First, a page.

Da yue bing

The Big Parade

review by David Dalgleish

"Only good men are fit to be soldiers."

3 out of ****

The Big Parade is a fine movie by a great director, tainted by an irony too bitter to stomach. It is a celebration of the Communist spirit, focusing not so much on the ideology--although it is ever-present--but rather on the appeal of solidarity. It shows us, convincingly, how people are ennobled when they go the extra distance for the sake of a common purpose. Unfortunately, the individuals are soldiers, and the celebration, the eponymous parade, takes place in Tiananmen Square--the site, of course, of one of the Chinese government's most infamous acts.

The film closes with rousing images--row after row of marching soldiers, strutting proudly across the Square, below a banner bearing the stern fatherly countenance of Chairman Mao--but these images recall other images, snapshots of the massacre: a white-shirted protestor standing his ground before an advancing column of tanks; a hysterical blood-spattered student confronting the impassive mien of a People's Liberation Army soldier. The Big Parade perhaps intends to bring to mind notions of "heavenly peace," but becomes, through the lens of history, an unwitting mockery of those notions.

That said, it is by no means an unworthy film, when taken out of context. It does not, however, compare with Chen Kaige's best work, and I imagine he now views it with misgivings, given the disillusionment with Communism manifest in his other work. The Big Parade chronicles the preparations of a squad of soldiers prior to the military display in Tiananmen, which marks the 35th anniversary of the People's Republic parade. The parade is televised, and although the men will be on TV for mere minutes, they devote the preceding weeks to intense training. During those mere minutes, a nation will be watching, and they want to show that nation that it can feel proud of itself.

On the basis of The Big Parade, the nation should feel proud: these are fine people. We follow a half-dozen men through the film, and each must face a personal crisis; a bow-legged soldier strives to overcome his deficiency, a young soldier's mother dies and he must return home. These incidents evolve smoothly, without contrivance; Chen has a penchant for melodrama, but here chooses understatement, nicely balancing the hyperbole of the officers' military mindset. The relationships among the men are explored thoughtfully, with admirable tough-mindedness, and as the training proceeds, some soldiers must be cut from the squadron. The grace with which those who are dismissed accept their failure is enviable. There are no villains here, only decent men, impelled by duty, pride, and brotherhood to push themselves to the limit, and step down if their limit is inadequate. Were it not for real life, we might almost be convinced that, as we are told, only good men are fit to be soldiers.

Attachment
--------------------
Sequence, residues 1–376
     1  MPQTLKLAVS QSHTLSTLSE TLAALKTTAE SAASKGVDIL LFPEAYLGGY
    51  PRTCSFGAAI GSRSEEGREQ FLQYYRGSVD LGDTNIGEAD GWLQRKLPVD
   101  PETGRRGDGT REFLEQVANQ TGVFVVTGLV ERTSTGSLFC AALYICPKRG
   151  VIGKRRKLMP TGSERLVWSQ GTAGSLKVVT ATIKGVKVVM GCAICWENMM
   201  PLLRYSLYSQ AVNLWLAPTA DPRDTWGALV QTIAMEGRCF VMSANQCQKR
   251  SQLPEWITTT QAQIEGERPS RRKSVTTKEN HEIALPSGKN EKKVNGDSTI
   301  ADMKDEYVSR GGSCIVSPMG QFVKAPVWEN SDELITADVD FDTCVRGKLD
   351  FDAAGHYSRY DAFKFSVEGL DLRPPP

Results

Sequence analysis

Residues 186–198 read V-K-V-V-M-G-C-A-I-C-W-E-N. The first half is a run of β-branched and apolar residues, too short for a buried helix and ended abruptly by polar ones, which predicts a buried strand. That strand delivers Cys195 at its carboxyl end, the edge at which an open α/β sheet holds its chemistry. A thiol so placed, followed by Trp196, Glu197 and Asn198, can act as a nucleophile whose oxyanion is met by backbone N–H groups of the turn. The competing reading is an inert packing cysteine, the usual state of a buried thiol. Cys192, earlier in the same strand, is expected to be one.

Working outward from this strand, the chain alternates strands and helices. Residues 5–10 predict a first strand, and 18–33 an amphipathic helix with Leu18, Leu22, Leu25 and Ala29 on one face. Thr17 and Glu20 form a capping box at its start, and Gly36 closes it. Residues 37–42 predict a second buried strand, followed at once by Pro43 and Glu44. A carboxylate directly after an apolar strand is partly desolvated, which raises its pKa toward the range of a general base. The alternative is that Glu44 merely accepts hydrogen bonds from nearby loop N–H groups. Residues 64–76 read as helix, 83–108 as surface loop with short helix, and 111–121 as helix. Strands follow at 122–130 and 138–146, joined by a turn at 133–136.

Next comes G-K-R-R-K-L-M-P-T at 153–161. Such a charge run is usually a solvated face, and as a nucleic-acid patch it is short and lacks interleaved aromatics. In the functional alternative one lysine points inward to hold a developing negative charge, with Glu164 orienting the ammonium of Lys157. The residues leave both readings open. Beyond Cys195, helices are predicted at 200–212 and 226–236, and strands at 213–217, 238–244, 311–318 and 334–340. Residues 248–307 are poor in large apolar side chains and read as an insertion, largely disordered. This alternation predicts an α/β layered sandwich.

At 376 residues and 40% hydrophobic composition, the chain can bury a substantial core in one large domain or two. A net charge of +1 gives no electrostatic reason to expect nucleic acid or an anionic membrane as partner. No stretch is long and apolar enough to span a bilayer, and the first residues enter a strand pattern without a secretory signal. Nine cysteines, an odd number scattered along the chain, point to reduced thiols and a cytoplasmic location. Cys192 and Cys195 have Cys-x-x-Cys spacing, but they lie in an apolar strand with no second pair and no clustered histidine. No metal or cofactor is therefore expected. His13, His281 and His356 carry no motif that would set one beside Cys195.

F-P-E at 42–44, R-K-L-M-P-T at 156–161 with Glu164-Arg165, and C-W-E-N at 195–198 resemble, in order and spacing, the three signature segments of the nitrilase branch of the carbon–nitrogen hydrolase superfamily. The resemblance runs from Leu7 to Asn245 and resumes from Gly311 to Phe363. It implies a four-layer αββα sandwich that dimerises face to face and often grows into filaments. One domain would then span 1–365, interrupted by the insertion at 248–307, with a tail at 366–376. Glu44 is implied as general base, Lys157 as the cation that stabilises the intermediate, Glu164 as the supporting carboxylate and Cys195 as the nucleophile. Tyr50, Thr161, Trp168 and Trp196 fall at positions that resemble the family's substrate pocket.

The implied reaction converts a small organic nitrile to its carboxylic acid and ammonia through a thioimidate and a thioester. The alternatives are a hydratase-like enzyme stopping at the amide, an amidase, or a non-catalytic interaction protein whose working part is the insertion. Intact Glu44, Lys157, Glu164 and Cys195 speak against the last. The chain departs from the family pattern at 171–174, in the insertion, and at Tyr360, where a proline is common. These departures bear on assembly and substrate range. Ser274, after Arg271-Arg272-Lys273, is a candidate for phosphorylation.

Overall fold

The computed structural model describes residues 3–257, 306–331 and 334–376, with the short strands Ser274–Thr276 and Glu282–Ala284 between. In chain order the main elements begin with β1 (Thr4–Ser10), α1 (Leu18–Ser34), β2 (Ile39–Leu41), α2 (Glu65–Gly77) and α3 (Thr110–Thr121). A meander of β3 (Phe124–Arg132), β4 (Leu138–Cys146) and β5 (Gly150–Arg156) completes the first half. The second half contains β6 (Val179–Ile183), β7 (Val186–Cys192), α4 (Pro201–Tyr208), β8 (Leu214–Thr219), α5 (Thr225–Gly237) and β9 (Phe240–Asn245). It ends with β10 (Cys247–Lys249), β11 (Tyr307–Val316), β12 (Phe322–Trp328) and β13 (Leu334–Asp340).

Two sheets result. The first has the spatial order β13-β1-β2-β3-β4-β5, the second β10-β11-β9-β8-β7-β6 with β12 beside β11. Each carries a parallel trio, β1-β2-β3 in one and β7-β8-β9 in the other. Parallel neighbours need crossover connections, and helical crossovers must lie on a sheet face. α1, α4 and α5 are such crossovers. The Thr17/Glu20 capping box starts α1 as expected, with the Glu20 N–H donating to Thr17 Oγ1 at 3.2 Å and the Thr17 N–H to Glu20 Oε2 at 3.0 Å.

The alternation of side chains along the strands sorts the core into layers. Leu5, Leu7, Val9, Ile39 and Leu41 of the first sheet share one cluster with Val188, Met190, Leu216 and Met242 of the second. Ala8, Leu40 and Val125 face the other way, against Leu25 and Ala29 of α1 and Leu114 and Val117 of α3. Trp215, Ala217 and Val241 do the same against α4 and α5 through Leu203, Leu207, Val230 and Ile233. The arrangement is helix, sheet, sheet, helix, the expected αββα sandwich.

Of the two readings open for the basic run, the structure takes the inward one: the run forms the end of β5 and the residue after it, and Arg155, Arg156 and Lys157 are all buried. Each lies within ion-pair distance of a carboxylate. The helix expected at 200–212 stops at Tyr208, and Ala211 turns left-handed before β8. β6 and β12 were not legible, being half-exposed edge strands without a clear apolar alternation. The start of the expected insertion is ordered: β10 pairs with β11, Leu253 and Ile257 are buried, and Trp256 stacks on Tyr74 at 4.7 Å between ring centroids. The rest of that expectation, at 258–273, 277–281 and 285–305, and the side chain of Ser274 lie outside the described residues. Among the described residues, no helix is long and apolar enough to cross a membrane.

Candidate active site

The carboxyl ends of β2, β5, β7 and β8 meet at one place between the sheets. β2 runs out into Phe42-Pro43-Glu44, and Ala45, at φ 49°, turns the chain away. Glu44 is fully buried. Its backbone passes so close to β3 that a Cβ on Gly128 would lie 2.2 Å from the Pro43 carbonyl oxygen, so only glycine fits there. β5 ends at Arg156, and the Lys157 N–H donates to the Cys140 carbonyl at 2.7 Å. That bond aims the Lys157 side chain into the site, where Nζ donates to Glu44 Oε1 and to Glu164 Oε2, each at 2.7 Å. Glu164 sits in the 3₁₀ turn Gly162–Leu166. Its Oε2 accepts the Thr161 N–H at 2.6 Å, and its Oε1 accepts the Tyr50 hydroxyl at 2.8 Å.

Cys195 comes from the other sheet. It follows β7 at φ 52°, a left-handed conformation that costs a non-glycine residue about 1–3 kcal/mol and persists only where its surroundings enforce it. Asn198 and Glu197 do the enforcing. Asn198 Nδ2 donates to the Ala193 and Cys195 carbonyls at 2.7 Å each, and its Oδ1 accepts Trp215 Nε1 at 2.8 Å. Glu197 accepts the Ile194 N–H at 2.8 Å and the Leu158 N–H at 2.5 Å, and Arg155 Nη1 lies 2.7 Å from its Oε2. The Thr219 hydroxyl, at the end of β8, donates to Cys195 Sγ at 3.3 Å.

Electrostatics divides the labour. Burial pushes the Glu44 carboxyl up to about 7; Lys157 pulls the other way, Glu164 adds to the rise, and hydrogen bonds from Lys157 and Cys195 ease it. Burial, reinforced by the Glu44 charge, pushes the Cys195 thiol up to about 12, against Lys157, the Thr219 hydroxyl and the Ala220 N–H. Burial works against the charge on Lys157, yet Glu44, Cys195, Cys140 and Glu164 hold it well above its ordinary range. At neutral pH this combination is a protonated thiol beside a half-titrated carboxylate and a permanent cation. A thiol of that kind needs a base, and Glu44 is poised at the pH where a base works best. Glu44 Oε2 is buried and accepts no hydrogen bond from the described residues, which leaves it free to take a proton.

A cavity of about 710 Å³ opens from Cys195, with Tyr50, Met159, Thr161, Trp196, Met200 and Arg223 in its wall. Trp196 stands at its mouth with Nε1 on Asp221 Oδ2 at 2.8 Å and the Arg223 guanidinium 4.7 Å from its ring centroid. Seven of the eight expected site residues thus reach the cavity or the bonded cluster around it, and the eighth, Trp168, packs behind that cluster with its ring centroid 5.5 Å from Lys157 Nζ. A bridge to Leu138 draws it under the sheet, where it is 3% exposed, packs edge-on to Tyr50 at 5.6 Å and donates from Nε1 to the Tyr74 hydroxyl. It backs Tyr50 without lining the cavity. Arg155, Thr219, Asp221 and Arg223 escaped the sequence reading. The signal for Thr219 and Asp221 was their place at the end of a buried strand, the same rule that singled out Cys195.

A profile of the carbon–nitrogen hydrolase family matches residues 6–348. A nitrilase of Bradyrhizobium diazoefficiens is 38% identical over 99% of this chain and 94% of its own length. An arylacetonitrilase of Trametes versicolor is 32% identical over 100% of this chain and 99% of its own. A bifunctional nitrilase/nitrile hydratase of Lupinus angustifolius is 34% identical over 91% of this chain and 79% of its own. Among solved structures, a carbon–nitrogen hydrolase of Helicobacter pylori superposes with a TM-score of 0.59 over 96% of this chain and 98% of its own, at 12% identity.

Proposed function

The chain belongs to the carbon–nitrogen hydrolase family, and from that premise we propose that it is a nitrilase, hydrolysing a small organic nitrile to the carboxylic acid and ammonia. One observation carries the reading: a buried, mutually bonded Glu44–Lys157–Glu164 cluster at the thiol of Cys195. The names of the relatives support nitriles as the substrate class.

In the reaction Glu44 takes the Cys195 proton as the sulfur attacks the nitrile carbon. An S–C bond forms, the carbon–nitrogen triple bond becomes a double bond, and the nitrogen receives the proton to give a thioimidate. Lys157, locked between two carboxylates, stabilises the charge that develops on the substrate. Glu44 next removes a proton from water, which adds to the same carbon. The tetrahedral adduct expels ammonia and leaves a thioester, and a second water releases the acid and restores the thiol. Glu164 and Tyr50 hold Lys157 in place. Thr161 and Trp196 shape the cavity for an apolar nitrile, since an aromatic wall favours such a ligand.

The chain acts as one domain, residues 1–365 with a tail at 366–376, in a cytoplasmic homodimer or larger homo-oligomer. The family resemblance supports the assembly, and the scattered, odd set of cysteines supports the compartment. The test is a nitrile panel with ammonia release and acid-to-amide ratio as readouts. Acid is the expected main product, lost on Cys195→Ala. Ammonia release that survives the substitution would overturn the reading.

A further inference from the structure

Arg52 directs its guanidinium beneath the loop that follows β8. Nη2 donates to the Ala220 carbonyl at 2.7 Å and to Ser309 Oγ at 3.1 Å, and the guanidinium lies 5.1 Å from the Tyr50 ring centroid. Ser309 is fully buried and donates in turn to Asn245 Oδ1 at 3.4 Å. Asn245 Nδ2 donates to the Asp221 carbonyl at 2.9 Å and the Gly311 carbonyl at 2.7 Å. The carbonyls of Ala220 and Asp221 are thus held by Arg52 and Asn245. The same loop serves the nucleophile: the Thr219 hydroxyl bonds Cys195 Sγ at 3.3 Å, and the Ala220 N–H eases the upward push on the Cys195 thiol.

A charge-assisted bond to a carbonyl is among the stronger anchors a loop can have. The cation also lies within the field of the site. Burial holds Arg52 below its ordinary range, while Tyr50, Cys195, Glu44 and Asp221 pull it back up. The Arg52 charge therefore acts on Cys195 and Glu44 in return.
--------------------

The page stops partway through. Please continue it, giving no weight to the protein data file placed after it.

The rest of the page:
The account of the training period includes several engrossing set-pieces, the best of which, perhaps, is the depiction of an exercise which has the squad standing at attention on a stretch of hot tarmac under the blazing noonday sun, for two hours, with no shade. Medics watch intently as the soldiers sweat and strain, as legs buckle, and rush to tend those who collapse, overcome by the heat. Some, through teeth-grinding willpower, remain upright for the whole two hours. The entire gruelling, mesmerizing endeavour embodies some essential quality of human stubbornness, as men endure the codified barbarism that passes for "conditioning" in the army, for the sake of a parade which does not, except as a matter of principle, require anything like this level of mental and physical discipline.

Chen and cinematographer Zhang Yimou embrace military iconography with a zeal that is almost fetishistic. From uniforms and set jaws, precise ordered ranks, synchronized marching feet, they fabricate a vision of solidarity that is urgent, seductive, striking. Perhaps a convoluted argument could be made that they somehow subvert these sub-fascist displays, but when the sounds of the Shaanxi Philharmonic Orchestra swell up over the rows of marching figures in the closing scenes, it is difficult to find subversion, easy to find adulation.

It may also be tempting, because it's easier, to see the film as strictly an aesthetic artifact, to remove it from history, to ignore the ideological issues that sully the serene waters of its surface. But, like Leni Riefenstahl's Nazi documentaries, the historical context is what The Big Parade is all about: it idealizes a particular set of beliefs at a particular place and time, and those beliefs must be recognized for what they are. Indeed, many mainland Chinese films since The Big Parade (or, more to the point, since Tiananmen) are, in some sense, acts of recognition, of response. It is easier to understand, after seeing this film, why it is almost redundant to call a Chinese movie tragic, for here is a rarity, one that ends on a high note, on a moment of hope and unity--and it is nothing but propaganda.


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